Fade an Element

This script is useful for adding a little visual interest to pages by animating a fade in/out effect. You can pass as many individual objects to it as you like and the animation is handled by a single setInterval function. The entire code is wrapped up in a portable library object.

Step One: The fadeElement object

This is the outline of the fadeElement library object:

var fadeElement = { initialise: function() {}, setOpacity: function() {}, fader: function() {}, objArray: [] }

A simple outline showing three methods and one property. It's quite easy to tell from the name of each what its role is.

Step Two: The initialise method

The initialise method does exactly what it says on the tin. It sets up each object passed to the script for interaction with the other methods. Here's the method's code in full:

initialise: function(obj) { fadeElement.setOpacity(obj, 20); fadeElement.objArray.push(obj); obj.fadeState = ''; obj.onmouseover = function() { this.fadeState = 'fadingIn'; } obj.onmouseout = function() { this.fadeState = 'fadingOut'; } if (!window.fadeTimer) window.fadeTimer = setInterval(fadeElement.fader, 50); },

The function accepts the argument obj which stands for the document element passed into the script. This object is then passed to the setOpacity method and also added to the objArray property to keep a permanent record of it. After this, a fadeState property is given to the object but is currently unset. Event handlers for mouseover and mouseout are added with anonymous functions that update the fadeState property accordingly. If the mouse pointer moves over the object, the fadeState becomes 'fadingIn' and if the pointer moves off it becomes 'fadingOut'.

Lastly, the code checks to see if the window object already has a fadeTimer object attached and, if not, attaches one. The fadeTimer calls the fader method every 50 milliseconds.

Step Three: The setOpacity method

As far as methods go this one is about as simple as it gets:

setOpacity: function(obj, opacity) { obj.style.filter = "alpha(opacity=" + opacity + ")"; // For IE filter to work, obj MUST have layout obj.style.KHTMLOpacity = opacity / 100; // Safari and Konqueror obj.style.MozOpacity = opacity / 100; // Old Mozilla and Firefox obj.style.opacity = opacity / 100; // CSS3 opacity for browsers that support it },

Fulfilling just a single purpose, this method applies the passed opacity value to the passed object. The only reason it takes four lines of code to do this instead of one is because of differences in the way browsers handle an element's opacity setting.

The last line is the only 'correct' way to set opacity according to the standards set out by the W3C but very few browsers currently support it. For this reason the script has to take advantage of proprietary code to achieve consistency across a wide range of user agents. What a pain.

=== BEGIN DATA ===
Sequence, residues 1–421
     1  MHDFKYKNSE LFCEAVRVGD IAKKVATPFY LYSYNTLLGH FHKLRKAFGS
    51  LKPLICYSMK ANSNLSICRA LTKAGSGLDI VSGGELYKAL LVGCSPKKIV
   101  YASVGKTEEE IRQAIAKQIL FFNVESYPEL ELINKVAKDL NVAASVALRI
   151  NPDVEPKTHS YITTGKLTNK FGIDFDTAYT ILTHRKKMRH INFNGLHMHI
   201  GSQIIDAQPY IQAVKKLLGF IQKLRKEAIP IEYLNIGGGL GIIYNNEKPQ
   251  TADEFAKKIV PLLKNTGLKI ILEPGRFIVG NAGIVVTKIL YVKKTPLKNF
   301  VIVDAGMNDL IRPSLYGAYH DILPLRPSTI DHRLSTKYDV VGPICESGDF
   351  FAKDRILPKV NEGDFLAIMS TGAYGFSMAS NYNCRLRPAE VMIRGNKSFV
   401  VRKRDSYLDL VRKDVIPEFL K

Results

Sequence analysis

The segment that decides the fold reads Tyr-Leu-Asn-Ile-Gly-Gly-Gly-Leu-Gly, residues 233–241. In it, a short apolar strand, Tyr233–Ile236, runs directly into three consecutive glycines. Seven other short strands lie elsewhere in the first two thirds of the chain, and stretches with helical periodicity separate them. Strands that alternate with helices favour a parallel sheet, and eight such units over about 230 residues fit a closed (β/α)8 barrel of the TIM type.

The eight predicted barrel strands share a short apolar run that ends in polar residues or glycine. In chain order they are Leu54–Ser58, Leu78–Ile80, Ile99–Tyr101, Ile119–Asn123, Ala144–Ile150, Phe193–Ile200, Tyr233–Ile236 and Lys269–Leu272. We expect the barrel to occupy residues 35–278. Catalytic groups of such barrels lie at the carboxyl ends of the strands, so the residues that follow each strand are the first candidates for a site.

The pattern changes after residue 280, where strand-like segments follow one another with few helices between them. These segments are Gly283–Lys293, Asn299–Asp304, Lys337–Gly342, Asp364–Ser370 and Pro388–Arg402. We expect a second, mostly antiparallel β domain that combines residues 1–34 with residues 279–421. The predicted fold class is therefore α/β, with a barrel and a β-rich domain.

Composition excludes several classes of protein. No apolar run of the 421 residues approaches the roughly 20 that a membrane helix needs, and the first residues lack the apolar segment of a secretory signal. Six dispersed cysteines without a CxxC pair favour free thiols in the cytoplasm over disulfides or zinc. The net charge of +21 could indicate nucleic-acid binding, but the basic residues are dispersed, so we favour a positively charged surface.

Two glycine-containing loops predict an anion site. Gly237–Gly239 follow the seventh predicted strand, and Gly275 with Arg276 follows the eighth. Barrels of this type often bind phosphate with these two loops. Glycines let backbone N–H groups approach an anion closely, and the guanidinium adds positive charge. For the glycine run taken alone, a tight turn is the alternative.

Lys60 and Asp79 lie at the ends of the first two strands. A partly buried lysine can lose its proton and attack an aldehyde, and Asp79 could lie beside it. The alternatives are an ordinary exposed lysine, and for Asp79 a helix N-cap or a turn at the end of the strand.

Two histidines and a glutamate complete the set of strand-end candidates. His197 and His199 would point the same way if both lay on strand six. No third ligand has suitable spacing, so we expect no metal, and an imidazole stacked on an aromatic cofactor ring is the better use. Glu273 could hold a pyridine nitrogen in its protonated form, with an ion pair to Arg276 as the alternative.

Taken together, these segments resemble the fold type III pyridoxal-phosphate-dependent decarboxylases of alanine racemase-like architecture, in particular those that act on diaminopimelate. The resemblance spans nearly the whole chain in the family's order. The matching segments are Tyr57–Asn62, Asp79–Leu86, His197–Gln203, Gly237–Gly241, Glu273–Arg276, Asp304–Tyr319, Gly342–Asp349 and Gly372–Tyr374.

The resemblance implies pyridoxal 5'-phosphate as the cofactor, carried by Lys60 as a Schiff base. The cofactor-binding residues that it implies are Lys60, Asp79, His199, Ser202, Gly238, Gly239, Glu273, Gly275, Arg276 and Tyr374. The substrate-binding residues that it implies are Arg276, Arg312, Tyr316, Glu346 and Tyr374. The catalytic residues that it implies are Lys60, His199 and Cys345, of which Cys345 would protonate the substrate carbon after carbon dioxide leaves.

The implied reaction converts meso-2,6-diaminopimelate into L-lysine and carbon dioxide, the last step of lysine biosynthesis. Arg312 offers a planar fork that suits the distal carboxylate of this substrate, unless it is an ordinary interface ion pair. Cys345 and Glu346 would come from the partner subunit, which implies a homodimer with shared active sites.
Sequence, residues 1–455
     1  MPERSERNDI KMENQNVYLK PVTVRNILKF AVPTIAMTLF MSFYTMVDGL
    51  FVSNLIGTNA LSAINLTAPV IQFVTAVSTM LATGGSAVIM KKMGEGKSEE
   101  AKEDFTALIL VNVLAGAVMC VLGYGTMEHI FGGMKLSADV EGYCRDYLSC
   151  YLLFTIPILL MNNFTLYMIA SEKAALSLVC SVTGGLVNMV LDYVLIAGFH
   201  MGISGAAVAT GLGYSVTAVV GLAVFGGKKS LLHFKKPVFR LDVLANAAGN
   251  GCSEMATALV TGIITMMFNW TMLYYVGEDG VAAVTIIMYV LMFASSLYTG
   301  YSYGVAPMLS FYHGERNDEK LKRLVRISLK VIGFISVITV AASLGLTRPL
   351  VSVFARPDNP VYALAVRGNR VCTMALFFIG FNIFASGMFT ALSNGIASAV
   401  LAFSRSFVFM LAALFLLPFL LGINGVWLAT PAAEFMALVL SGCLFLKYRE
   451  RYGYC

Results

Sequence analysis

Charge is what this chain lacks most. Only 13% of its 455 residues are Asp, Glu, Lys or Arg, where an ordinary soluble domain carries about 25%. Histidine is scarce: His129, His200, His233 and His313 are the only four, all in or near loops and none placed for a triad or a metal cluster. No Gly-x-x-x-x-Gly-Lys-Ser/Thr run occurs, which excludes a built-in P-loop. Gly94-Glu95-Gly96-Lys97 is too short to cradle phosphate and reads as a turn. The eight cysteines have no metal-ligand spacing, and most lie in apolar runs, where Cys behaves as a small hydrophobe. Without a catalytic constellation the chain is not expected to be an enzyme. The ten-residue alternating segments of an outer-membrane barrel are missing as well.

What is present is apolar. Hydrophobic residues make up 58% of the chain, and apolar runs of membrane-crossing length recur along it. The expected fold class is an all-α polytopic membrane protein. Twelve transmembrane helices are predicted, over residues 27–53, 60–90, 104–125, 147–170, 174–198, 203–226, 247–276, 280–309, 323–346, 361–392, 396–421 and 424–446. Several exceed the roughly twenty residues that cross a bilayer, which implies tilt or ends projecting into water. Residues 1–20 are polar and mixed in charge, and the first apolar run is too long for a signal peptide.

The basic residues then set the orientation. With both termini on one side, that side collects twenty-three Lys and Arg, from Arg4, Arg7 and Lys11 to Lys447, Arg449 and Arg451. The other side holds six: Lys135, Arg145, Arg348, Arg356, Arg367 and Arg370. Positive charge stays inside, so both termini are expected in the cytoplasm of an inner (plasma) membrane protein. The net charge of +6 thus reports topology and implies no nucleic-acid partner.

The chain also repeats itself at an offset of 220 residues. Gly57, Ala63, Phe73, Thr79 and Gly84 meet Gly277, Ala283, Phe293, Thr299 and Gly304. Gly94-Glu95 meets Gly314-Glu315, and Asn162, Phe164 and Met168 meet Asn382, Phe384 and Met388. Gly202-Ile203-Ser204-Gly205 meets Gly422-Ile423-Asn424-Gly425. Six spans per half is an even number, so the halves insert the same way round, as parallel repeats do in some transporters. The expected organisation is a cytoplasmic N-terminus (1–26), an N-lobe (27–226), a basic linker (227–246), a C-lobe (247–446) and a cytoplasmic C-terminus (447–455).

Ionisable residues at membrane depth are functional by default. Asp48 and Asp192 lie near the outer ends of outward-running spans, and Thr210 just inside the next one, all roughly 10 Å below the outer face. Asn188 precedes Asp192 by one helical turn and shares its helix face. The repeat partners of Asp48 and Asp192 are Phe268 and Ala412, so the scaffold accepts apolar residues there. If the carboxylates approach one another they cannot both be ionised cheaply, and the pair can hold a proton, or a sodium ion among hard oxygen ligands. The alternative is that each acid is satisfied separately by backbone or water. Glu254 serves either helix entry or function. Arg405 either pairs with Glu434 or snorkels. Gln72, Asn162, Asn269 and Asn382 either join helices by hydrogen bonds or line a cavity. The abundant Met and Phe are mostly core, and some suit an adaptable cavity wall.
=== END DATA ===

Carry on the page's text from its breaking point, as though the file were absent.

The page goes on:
Incidentally, for an explanation of what I mean in the first comment about the element requiring 'layout', check out Microsoft's own documentation on this issue.

Step Four: The fader method

If fadeElement could be said to have a heart then this method would be it. Thanks to the window.fadeTimer established in the initialise method, fader is called every 50 milliseconds and executes the following code:

fader: function() { for (var i = 0; i < fadeElement.objArray.length; i++) { var opacity = fadeElement.objArray[i].style.opacity * 100; if (fadeElement.objArray[i].fadeState == 'fadingIn' && opacity < 100) fadeElement.setOpacity(fadeElement.objArray[i], opacity + 10); else if (fadeElement.objArray[i].fadeState == 'fadingOut' && opacity > 20) fadeElement.setOpacity(fadeElement.objArray[i], opacity - 10); } },

Remember how the object was pushed into objArray during the execution of initialise? That allows fader to access that object and any others passed into the script by looping through the array. As each object occurs in the loop, it's opacity value is read and given to the variable opacity.

Using an if/else conditional statement, fader checks the fadeState property of the object. If the object is marked as fading in and the current opacity of the object is less than 100, the script increases opacity by 10 and sends both the object and the new opacity value to setOpacity. If the object is fading out then the process is repeated but this time the script checks if the opacity is greater than 50 and subtracts 10 if this proves to be the case.

Step Five: The Completed Script

All in all, this is a nice and easy to implement effect, and here is the completed script in full:

var fadeElement = { initialise: function(obj) { fadeElement.setOpacity(obj, 20); fadeElement.objArray.push(obj); obj.fadeState = ''; obj.onmouseover = function() { this.fadeState = 'fadingIn'; } obj.onmouseout = function() { this.fadeState = 'fadingOut'; } if (!window.fadeTimer) window.fadeTimer = setInterval(fadeElement.fader, 50); }, setOpacity: function(obj, opacity) { obj.style.filter = "alpha(opacity=" + opacity + ")"; // For IE filter to work, obj MUST have layout obj.style.KHTMLOpacity = opacity / 100; // Safari and Konqueror obj.style.MozOpacity = opacity / 100; // Old Mozilla and Firefox obj.style.opacity = opacity / 100; // CSS3 opacity for browsers that support it }, fader: function() { for (var i = 0; i < fadeElement.objArray.length; i++) { var opacity = fadeElement.objArray[i].style.opacity * 100; if (fadeElement.objArray[i].fadeState == 'fadingIn' && opacity < 100) fadeElement.setOpacity(fadeElement.objArray[i], opacity + 10); else if (fadeElement.objArray[i].fadeState == 'fadingOut' && opacity > 20) fadeElement.setOpacity(fadeElement.objArray[i], opacity - 10); } }, objArray: [] }

I have also posted a working example.

2005-12-31

© 2005 - 2018 Iain Gardiner. All rights reserved.